Kruger is a Conceptual artist known for her installations in bold black and white colors and text with political slogans. She came to prominence with her piece I Shop Therefore I Am.
In this exhibit, the walls, floor, and even escalators are wrapped in high contrast shades of black, white, and red vinyl. The text, sometimes 12 feet high, poses provocative or open ended questions.
It’s the artist’s attempt to encompass the viewer in language, creating a hall of voices.
10. Willem de Kooning, Queen of Hearts
De Kooning is widely considered to be one of the most important and prolific artists of the 20th century.
His style combined Surrealism, Expressionism, and Cubism. Yet, he never really gave up depicting the human figure.
The Queen of Hearts is part of the first of three series of Women paintings produced by de Kooning. They are vaguely reminiscent of Picasso’s portraits of Marie Therese Walter and Dora Maar from the 1920s and 30s.
It’s a transitional painting foreshadowing his more signature anti-portraits of women from the 1950s. The strikingly colored portrait has a glossy surface.
The odds colors and obvious charcoal revisions signal a break from established pictorial conventions.
Hirshhorn Renovations & Closures
The Hirshhorn is showing its age. It’s currently undergoing a three part renovation.
Its exterior concrete facade panels and roof are being replaced. During part of the process, the scaffolding was covered by a beautiful work by Nicolas Party, Draw the Curtain.
Next up on the multi-year renovation schedule is the Hirshhorn Sculpture Garden. In the spring of 2023, the garden will close for a $60 million renovation and reopen in 2024 or 2025.
The renovation is intended to add more grace to the space. Previously, the garden has been called a unshaded pit.
The museum would also like to attract more visitors. Previously, only 15% of museum attendees made it to the garden, which is filled with world famous sculptures that deserve attention.
But the proposed renovation was the subject of controversy due to preservationist objections. Nonetheless, Hiroshi Sugimoto’s design was ultimately approved.
It will overhaul the original Brutalist design by Gordon Bunshaft, who as I mentioned also designed the museum. The revamp will add more open-air galleries, a reflecting pool, and improved access.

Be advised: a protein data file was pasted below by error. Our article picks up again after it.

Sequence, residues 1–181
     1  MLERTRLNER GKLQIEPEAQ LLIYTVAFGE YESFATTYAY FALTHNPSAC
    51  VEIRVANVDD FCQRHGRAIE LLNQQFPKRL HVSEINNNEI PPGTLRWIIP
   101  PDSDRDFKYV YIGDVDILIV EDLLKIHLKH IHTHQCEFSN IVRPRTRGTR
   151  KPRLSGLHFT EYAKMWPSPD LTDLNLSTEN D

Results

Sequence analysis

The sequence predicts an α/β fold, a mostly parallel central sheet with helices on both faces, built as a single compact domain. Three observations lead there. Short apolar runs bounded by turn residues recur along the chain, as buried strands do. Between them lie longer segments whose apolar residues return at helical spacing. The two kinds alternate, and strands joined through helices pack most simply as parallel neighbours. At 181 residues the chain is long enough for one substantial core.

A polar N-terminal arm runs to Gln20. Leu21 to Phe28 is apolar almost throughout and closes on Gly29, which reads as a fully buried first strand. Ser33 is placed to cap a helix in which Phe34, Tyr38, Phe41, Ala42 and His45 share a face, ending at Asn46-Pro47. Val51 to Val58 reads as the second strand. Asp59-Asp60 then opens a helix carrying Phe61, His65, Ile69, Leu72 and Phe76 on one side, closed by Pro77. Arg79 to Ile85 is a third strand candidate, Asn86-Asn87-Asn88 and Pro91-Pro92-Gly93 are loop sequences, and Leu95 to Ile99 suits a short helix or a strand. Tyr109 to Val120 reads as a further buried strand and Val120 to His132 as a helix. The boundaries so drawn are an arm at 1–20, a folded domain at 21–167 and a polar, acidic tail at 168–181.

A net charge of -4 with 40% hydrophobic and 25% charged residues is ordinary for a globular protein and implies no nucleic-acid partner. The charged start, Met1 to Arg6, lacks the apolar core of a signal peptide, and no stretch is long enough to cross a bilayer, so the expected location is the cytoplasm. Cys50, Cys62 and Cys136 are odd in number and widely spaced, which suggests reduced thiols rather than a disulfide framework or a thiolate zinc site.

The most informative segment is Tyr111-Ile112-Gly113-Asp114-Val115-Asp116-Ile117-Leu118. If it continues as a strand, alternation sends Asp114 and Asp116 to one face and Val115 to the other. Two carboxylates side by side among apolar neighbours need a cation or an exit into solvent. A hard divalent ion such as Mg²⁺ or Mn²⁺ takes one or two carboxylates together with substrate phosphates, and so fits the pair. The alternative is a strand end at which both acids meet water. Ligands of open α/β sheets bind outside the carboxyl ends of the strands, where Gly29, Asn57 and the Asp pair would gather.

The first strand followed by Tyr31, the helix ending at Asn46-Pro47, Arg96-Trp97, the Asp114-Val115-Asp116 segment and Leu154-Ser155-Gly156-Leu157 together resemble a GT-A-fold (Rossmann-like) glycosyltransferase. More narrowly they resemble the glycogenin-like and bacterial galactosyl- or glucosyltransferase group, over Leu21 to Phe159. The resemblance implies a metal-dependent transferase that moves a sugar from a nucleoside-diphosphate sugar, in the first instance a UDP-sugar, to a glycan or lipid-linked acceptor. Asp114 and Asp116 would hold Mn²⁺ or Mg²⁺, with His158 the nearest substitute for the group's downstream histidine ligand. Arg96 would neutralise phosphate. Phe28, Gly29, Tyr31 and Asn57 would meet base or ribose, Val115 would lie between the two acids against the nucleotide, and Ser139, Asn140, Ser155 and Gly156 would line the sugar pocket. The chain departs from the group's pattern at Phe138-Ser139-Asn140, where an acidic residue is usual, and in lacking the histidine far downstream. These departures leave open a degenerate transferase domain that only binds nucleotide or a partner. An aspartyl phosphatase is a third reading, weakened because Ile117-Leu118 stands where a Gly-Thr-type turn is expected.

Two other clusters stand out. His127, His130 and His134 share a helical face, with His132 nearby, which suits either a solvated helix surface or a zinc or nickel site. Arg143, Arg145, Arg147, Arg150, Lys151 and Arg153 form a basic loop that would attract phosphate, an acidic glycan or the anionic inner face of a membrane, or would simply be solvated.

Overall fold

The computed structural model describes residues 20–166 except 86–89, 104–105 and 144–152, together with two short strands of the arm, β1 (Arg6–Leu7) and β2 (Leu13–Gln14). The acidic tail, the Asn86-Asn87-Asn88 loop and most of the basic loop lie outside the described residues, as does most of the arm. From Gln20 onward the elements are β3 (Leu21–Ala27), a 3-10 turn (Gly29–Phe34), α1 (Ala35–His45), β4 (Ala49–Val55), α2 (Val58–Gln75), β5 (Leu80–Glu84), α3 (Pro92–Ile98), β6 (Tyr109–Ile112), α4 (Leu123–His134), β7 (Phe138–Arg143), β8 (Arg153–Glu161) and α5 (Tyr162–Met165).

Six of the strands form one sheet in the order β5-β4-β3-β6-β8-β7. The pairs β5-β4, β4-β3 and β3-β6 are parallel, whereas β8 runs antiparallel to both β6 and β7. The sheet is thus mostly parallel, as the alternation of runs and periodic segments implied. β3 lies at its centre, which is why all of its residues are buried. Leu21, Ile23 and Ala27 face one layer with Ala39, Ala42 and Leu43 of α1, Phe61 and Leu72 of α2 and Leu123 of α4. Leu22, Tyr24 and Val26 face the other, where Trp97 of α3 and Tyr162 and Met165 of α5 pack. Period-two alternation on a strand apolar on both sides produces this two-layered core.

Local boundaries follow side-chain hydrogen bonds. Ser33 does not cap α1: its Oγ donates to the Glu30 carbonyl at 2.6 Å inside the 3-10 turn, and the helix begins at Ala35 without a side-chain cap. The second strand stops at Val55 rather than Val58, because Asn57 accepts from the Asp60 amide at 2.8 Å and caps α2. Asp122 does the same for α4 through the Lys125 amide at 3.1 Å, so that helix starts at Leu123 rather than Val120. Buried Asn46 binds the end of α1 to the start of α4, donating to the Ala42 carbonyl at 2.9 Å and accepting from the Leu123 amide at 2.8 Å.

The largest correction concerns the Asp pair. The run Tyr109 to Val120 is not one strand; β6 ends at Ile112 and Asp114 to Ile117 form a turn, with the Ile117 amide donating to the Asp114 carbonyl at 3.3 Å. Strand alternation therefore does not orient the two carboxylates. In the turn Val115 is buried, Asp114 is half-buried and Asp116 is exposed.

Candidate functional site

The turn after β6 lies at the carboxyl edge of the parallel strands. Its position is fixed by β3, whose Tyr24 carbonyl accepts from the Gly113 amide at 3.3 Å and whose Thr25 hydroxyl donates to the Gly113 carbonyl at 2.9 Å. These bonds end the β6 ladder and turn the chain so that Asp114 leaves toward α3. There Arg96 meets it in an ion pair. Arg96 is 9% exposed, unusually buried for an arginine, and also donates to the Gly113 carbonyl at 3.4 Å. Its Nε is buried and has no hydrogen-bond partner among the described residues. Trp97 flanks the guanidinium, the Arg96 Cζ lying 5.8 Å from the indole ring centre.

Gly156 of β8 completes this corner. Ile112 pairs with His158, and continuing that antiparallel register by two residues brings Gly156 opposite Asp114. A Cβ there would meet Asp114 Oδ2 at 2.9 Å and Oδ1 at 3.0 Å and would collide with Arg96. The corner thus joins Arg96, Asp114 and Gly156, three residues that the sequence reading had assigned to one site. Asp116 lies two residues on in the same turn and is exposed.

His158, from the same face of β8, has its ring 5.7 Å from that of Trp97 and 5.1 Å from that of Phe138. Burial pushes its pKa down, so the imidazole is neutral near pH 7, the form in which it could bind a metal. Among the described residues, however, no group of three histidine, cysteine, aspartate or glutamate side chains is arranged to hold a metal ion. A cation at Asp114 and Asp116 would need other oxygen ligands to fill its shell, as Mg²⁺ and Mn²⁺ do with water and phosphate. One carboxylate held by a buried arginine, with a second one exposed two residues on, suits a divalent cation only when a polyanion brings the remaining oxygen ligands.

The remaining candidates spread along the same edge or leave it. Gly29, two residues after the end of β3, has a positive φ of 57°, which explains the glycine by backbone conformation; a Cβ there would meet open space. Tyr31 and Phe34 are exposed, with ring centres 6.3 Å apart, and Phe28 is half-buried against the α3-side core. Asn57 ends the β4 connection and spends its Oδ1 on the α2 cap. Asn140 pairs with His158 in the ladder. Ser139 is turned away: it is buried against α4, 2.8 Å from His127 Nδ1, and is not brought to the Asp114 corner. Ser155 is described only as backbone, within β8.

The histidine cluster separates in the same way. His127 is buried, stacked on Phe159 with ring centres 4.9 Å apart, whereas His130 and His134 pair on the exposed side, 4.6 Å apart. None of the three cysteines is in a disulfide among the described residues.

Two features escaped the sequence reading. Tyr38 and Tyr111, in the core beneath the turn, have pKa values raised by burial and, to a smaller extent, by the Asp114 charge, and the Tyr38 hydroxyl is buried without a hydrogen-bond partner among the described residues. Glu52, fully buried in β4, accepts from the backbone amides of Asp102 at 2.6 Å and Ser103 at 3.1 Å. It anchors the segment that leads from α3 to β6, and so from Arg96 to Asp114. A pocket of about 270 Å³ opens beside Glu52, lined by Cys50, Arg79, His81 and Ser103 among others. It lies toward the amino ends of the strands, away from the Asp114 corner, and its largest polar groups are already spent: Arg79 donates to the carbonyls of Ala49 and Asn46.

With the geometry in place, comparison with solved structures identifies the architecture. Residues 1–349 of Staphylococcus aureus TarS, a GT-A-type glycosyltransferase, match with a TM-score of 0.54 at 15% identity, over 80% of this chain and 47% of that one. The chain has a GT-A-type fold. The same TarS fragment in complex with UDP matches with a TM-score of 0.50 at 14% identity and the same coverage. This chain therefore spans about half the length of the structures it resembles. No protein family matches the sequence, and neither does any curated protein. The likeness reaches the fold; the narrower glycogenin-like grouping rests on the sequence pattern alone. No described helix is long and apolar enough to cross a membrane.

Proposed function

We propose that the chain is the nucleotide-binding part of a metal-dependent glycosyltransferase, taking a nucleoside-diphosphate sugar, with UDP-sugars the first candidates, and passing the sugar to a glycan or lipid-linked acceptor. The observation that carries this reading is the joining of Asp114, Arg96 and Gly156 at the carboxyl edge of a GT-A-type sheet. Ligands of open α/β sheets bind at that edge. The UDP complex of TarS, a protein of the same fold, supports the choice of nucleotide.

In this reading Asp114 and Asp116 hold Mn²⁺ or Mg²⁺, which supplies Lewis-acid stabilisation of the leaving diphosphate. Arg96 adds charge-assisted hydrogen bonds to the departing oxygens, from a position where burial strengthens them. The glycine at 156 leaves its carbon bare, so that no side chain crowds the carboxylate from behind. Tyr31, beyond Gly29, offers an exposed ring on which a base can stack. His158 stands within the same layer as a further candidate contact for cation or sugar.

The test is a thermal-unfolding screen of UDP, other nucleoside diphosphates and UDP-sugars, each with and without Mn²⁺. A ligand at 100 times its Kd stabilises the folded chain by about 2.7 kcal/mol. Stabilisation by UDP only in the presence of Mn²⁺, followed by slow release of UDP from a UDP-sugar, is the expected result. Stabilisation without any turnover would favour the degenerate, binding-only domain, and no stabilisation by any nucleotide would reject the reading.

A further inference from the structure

The sculpture garden renovations will take 18-24 months to complete. When that’s done, a third renovation of the museum will begin.
That will involve modernizing and revitalizing the interior spaces and infrastrucure, with sensitivity to maintaining the essence of the historic building. The museum may be closed up to 2 years during this process.
The Hirshhorn says the project boils down to “more art, more art, more art”
It will create more galleries to display more of the permanent collection at once and other spaces for larger art installations.
For example, the Hirshhorn would like to keep Kasuma’s wildly popular infinity rooms on view full time instead of just showing them periodically.
Practical Guide & Tips For The Hirshhorn
Here are some tips and must know information for visiting the Hirshhorn.
Address: Independence Ave SW &, 7th St SW
Hours: Open daily 10:00 am to 5:30 pm
Admission is free. But you do need to make a timed entry reservation for special exhibitions, which are also free. On a weekday in the winter, you may be able to schedule a same day visit on site. Otherwise, you can book a next day pass.
To get information on the exhibits, start by scanning the Hirshhorn Eye (hi for short) on signs in the museum. This allows you to point your phone at the art and hear videos of the artists.
To see what is currently on display, you can check the museum website.
The museum has a small cafe and coffee bar, Dolcezza Cafe, on the first floor. This is also where the information desk is.
There are free highlights tours twice a day at 12:30 pm and 3:30 pm. They last 45-60 minutes.
You should budget about 1.5 to 2 hours to see the Hirshhorn, more if you’re attending the special exhibition. If you are visiting the sculpture garden, add another half hour or more.
I hope you’ve enjoyed my guide to the Hirshhorn Museum. You may enjoy these other Washington D.C. travel guides and resources:
- 2 days in Washington D.C. itinerary
- Fall foliage in Washington D.C.
- Guide to the National Mall
- Guide to the Holocaust Museum
- Guide to the National Gallery of Art
- Guide to the National Portrait Gallery
- Guide to the Hirshhorn Sculpture Gallery
- Guide to the Smithsonian National Museum of Asian Art
- Guide to the Museum of African American History and Culture
If you need a guide to the Hirshhorn Museum, pin it for later.